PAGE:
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[Susan notes: Another response to Ruben Navarrette Jr. and his continuing assault by editorial on teachers, parents, or anyone who gets in the way of his devotion to NCLB.]

Published in San Diego Union-Tribune

To the editor

Comment from Annie: I just couldn't read a tirade like this and not continue to offer up a garlic amulet.

In response to the March 1, 2006 editorial essay by Ruben Navarrette Jr. (San Francisco Chronicle

2006-03-01, The power of no excuses.)

We can do better for our teachers and our students than to standardize away attention to the variety of styles, interests, and abilities of both.

We can design a better vision than one that holds a minority child or group accountable for the failure of a school. We can create a better plan than to have our brightest students in a program of study that is geared for minimal "proficiency" and memorization on standardized tests, that excludes the expansive spontaneity of creative debate and discovery.

And, we can do much better than to spend hours training our least able children to bubble answer sheets to cheat the system as well as the child. We can use new and creative methods to help stimulate a joyful quest for knowledge and resist the boring, rote, and meaningless learning that is geared toward a limited and small-minded outcome that substitute for real learning.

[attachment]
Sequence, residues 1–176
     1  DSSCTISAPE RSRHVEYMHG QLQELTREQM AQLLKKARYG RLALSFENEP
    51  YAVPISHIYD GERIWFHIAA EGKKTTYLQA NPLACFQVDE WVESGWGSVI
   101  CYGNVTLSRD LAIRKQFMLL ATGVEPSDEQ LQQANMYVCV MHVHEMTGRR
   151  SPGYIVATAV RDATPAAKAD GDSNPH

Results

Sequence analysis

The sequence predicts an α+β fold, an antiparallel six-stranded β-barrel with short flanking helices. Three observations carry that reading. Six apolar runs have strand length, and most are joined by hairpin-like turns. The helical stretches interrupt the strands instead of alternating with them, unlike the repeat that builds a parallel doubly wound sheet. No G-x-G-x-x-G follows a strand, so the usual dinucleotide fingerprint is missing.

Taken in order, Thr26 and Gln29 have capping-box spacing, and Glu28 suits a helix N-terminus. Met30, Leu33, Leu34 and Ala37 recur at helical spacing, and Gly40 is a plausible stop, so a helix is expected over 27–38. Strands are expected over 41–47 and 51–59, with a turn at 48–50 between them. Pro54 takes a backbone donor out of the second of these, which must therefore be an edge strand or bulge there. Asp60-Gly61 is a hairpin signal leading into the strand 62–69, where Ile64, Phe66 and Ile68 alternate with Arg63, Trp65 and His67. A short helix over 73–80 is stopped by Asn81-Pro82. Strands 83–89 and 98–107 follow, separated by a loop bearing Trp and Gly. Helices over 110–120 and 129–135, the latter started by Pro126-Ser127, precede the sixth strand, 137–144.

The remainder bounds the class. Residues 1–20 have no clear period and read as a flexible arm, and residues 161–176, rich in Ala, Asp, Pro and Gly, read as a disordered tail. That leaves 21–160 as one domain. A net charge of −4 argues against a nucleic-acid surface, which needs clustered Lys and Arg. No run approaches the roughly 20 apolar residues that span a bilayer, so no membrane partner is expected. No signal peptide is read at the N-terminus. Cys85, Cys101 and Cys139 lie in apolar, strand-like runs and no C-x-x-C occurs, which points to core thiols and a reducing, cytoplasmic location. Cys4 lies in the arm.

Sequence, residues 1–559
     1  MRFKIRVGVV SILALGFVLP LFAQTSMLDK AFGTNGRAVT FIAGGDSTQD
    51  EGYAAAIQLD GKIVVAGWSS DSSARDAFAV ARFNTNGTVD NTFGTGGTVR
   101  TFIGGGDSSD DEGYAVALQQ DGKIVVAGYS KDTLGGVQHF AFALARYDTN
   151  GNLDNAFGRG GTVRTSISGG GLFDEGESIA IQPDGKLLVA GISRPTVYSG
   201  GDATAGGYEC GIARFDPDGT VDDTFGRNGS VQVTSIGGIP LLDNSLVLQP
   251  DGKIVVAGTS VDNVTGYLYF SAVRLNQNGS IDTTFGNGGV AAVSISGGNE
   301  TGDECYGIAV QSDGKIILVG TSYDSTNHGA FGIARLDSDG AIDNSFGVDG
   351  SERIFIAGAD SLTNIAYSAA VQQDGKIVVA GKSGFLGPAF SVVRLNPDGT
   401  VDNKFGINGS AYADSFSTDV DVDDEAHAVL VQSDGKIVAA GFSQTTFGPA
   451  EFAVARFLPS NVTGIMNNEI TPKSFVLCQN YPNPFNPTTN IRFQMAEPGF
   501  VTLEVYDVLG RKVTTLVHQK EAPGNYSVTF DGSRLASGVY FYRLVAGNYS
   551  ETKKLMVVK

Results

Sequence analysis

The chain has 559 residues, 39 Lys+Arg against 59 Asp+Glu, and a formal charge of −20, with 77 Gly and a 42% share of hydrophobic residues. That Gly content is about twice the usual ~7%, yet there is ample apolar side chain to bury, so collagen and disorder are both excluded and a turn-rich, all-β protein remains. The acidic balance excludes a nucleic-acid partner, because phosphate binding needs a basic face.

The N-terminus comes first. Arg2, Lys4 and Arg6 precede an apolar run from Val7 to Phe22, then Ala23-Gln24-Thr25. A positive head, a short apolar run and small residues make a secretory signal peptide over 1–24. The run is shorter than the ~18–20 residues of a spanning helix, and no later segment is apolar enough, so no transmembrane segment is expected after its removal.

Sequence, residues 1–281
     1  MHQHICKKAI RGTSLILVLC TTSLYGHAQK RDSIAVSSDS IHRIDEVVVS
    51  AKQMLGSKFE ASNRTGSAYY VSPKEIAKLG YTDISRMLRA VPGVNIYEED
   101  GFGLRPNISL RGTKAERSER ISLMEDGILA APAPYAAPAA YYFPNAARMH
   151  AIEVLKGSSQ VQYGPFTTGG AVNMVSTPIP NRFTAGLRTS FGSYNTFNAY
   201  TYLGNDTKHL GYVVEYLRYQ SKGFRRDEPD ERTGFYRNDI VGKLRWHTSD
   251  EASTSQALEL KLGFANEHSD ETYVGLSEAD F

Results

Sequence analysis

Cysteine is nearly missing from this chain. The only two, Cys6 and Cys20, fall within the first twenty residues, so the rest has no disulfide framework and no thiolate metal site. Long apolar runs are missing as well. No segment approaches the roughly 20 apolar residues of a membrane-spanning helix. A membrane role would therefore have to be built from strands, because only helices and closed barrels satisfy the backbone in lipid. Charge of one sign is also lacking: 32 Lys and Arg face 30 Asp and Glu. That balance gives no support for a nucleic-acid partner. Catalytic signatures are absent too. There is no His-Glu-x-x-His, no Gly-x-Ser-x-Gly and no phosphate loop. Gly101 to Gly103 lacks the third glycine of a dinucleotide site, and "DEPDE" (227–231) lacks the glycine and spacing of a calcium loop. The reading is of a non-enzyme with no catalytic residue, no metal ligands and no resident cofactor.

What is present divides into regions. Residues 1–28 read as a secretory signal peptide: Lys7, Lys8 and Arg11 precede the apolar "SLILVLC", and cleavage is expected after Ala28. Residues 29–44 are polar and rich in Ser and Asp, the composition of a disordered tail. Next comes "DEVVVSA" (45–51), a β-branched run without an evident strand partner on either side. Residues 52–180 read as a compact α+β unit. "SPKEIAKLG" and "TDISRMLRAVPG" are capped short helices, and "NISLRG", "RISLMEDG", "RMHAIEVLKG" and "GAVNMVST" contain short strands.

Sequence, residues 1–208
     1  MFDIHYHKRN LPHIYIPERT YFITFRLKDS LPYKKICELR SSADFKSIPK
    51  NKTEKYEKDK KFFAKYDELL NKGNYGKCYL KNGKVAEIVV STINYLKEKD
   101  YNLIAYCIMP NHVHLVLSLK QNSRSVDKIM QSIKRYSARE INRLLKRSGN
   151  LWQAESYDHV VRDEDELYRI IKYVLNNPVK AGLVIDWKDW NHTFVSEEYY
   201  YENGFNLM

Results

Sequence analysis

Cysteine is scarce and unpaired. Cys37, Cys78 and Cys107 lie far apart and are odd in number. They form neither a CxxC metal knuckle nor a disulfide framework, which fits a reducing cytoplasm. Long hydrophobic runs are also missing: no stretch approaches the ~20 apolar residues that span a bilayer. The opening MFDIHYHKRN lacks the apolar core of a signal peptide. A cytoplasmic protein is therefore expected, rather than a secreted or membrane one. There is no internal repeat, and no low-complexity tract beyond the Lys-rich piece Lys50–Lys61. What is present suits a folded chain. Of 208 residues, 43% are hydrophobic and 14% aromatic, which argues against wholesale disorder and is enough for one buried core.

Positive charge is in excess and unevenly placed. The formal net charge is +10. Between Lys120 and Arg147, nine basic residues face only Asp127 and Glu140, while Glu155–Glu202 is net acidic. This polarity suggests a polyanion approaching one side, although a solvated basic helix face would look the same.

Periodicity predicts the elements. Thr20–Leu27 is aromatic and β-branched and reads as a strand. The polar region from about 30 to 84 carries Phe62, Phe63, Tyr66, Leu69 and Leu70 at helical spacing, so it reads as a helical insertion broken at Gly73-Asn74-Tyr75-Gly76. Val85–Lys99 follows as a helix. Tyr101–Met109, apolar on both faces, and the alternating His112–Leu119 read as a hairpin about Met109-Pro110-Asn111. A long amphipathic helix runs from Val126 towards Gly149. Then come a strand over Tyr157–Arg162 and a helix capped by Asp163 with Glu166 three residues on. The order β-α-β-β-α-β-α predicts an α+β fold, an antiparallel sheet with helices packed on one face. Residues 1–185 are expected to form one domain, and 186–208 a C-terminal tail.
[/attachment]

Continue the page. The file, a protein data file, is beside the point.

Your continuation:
Yes, our students need to learn basic skills, but more importantly, they need to learn to think independently, to reason, to be honest and thoughtful, and to decipher and apply the principles and values of our democracy. These are the skills they will need to become informed citizens in a society that will require their participation.

With the imposition of and adherence to the NCLB act, neither the rhetorical nor statistical manipulation can recover the many losses suffered by our students, our teachers, and our system of public education.

Anne E. Levin Garrison

Annapolis, Md.

Anne E. Levin Garrison

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